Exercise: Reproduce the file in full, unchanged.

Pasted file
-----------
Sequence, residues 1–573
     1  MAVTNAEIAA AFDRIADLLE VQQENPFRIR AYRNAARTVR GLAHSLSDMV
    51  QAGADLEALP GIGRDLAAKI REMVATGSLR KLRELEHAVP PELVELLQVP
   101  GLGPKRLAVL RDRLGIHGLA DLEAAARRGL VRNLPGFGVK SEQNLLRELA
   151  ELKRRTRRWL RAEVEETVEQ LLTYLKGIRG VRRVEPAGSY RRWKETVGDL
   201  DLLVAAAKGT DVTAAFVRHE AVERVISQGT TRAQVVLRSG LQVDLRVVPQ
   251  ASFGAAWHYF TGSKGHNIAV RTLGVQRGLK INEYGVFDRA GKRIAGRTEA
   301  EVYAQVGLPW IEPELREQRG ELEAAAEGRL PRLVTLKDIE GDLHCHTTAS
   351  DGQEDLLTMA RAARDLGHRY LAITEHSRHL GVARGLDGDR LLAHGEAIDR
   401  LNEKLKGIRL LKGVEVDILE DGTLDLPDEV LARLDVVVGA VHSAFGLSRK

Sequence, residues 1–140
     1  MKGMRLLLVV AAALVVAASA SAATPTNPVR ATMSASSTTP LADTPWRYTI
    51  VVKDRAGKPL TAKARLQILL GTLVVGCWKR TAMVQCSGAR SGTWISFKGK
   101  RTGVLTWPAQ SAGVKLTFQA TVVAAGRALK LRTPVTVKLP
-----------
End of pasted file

Sequence, residues 1–573
     1  MAVTNAEIAA AFDRIADLLE VQQENPFRIR AYRNAARTVR GLAHSLSDMV
    51  QAGADLEALP GIGRDLAAKI REMVATGSLR KLRELEHAVP PELVELLQVP
   101  GLGPKRLAVL RDRLGIHGLA DLEAAARRGL VRNLPGFGVK SEQNLLRELA
   151  ELKRRTRRWL RAEVEETVEQ LLTYLKGIRG VRRVEPAGSY RRWKETVGDL
   201  DLLVAAAKGT DVTAAFVRHE AVERVISQGT TRAQVVLRSG LQVDLRVVPQ
   251  ASFGAAWHYF TGSKGHNIAV RTLGVQRGLK INEYGVFDRA GKRIAGRTEA
   301  EVYAQVGLPW IEPELREQRG ELEAAAEGRL PRLVTLKDIE GDLHCHTTAS
   351  DGQEDLLTMA RAARDLGHRY LAITEHSRHL GVARGLDGDR LLAHGEAIDR
   401  LNEKLKGIRL LKGVEVDILE DGTLDLPDEV LARLDVVVGA VHSAFGLSRK

Sequence, residues 1–140
     1  MKGMRLLLVV AAALVVAASA SAATPTNPVR ATMSASSTTP LADTPWRYTI
    51  VVKDRAGKPL TAKARLQILL GTLVVGCWKR TAMVQCSGAR SGTWISFKGK
   101  RTGVLTWPAQ SAGVKLTFQA TVVAAGRALK LRTPVTVKLP